S 14 1-. "_ 1 A -A P _4 -


X


C


i


I


FLORIDA.

A LEARNED TENNESSEN', DOING THE LANI^OF
FFLO ERS.
OI'DO, FLA., June 30.
In my last letter v stated that we, have
suffered in SoutilyFtorida from protracted
d'routlls, and that "nIiy orange trees had
shed their fruit, b1uthlat while I was writ-
ing it was raining. Sce that time we have
had plentiful rains, aind the orange trees
liave in many grove. ot on a new crop of
blooms, so we shall Ivce a crop of very late
oranges for market nI xt spring and summer.
We left our reaNders inning over the great
varitAy of prodtuctiot in Florida. All these
things are in theiji~i'fancy-really nothing
in the wa;y of produudion has been fully de-
veloped in this part c; tlhe State, and we are
in the formative ol. developing state of
things. We have bqeti pressed so often to
answer thle question what can) yOu prr-
duce ini Florida to make a support wile
your groves of frit, a~si:iwvly cornmig into
profitable bearing, W Ct we iust. aisw/ it
before we proceed f', i er in our general
account of things. '
One of the methods b whic-h an in inustious
man can make a liviiti duritgft'his interval
is to engage in mnhrld-~gcardening. This in-
dustrv is growing ra'i4ly i.n ilpprta.ice.
The people, who live outside ofh6s State,
-who should feed upon'the. delicious viegeta-
bles grow in nmid-winter and the very early
spring season, niumbpr nearly fifty lions.
,So there is little prospect that we st over-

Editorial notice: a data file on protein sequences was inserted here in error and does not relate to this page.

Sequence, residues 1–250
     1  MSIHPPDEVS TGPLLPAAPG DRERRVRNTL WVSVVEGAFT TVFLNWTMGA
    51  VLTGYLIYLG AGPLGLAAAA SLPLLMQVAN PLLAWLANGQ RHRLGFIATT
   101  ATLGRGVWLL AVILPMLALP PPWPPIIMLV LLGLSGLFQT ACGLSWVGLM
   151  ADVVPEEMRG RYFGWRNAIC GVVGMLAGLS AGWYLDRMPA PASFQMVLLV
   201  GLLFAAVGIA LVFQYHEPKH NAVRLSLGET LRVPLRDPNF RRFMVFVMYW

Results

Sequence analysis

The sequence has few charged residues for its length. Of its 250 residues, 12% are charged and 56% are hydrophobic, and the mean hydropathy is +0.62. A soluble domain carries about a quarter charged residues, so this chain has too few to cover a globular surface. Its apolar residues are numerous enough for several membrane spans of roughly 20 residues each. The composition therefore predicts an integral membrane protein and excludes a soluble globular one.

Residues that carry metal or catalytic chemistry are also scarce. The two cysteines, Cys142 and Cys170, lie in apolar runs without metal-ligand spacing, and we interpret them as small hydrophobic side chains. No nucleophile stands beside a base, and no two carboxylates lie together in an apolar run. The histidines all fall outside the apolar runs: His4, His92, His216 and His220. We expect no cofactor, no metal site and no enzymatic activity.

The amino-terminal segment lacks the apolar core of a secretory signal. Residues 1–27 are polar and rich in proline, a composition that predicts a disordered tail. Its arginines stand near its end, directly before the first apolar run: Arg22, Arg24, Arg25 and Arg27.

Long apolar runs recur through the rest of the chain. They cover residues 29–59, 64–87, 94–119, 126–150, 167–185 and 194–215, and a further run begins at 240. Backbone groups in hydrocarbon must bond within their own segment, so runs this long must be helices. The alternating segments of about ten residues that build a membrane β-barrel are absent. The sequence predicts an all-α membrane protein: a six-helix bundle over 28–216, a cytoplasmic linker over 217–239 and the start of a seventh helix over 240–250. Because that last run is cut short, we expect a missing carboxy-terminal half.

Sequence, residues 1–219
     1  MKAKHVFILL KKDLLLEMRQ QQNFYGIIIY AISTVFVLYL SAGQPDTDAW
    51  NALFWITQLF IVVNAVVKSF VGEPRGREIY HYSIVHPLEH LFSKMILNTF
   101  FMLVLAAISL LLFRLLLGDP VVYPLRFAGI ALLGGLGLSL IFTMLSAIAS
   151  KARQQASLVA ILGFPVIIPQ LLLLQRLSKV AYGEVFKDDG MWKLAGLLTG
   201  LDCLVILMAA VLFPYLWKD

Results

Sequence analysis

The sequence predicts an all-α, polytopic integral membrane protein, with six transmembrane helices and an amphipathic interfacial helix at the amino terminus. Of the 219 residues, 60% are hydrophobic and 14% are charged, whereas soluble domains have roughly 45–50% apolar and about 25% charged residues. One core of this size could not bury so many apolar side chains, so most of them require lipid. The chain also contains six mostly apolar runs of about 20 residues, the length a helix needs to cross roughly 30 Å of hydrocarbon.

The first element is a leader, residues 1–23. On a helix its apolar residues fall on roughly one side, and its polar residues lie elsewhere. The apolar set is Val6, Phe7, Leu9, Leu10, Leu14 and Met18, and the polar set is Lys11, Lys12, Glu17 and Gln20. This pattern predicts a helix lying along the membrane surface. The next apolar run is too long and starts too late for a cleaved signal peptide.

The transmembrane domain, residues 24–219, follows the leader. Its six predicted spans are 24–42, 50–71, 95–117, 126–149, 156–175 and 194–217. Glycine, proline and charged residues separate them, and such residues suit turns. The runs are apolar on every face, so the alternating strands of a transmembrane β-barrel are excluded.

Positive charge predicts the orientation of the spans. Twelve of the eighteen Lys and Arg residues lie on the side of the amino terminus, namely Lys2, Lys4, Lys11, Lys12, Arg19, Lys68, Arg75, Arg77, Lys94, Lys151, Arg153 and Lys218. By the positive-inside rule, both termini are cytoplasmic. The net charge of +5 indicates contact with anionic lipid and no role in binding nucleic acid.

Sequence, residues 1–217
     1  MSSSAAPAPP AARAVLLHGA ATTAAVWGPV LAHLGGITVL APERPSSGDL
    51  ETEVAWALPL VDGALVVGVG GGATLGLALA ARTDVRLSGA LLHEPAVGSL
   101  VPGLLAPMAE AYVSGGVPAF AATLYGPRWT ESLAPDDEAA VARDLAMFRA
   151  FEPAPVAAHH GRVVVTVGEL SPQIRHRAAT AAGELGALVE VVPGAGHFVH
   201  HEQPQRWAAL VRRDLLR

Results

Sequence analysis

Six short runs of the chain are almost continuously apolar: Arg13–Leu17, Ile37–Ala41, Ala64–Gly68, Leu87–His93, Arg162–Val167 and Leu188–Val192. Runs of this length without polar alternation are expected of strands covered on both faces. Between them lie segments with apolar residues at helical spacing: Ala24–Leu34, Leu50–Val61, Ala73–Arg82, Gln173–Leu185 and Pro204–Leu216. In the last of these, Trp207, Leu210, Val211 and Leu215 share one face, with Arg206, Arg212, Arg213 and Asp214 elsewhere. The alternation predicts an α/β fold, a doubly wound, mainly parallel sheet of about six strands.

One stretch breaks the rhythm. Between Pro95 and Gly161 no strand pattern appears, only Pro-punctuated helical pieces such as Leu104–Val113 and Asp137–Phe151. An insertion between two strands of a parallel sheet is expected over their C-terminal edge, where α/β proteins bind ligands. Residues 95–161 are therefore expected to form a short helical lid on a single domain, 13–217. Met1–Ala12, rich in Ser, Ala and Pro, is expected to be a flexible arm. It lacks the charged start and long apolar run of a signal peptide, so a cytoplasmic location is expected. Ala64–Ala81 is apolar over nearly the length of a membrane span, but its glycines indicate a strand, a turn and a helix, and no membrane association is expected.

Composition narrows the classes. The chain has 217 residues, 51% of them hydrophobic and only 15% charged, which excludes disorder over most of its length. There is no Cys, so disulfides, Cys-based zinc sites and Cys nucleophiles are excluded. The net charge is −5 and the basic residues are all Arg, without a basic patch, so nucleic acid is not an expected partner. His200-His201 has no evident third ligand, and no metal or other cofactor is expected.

stock the Northern and Western markets.
Profitable gardening can be carried on in
South Florida so as ;not to interfere with
other interests and eng'agemnents of the farm-
ers. They begin thisj-ork in the month of
November,' and al'l 'lte vegetables can be
Marketed by the last ',f May. 14e real work
of the vegetable g,,v,ier is done during t.he
winter months, and can be so nnr a'ined as
not to interfere with tiie corn, cotton), sugar
or many other crops, some of wjhi-hi can /be
grown on the same land which ftroduce'd
th e winter-crop of Av,- Ila'ITla l
On account of cli '.nte,, varm, generous
soil, and the rpay1 ,I- iI.,IIii, to the stirnu-
'lnt- ,,'f i nshi e 1_"e. .*w rl-a fer til-
izers, the farmer. i' h 1i Florida, with oi'-
.dinary facilities of it ortation, can put
into the markets of t -,rthern and West-
ern cities, and upon tt a'bles of these peo-
ple, a great variety f delicious vegetables
and early fruits many weeks in advance of
the farmers in any other section of our
country. In midwinter and early spring
they can send to market the most delicious
white headed cabbages, fresh, crisp and of
the finest flavor; the English pea, the snap
bean, new Irish potatoes, crisp lettuces, rad-
ishes, the tomato, cucumber, cauliflower,
indeed every delicacy of the kitchen garden,,
and this too while the balance of our coun-
try is locked up in fi-tte r-of ice and snow.
These products of the Florida farmer, of
course, bring wonderfully- fine prices, be-
cause there is no competition of other pro-
ducers in the market at this early season.
The vegetable and early fruit crops of the
Florida farmer are coming in long before
others further North, and not only com-
mand fine prices, but :the succession of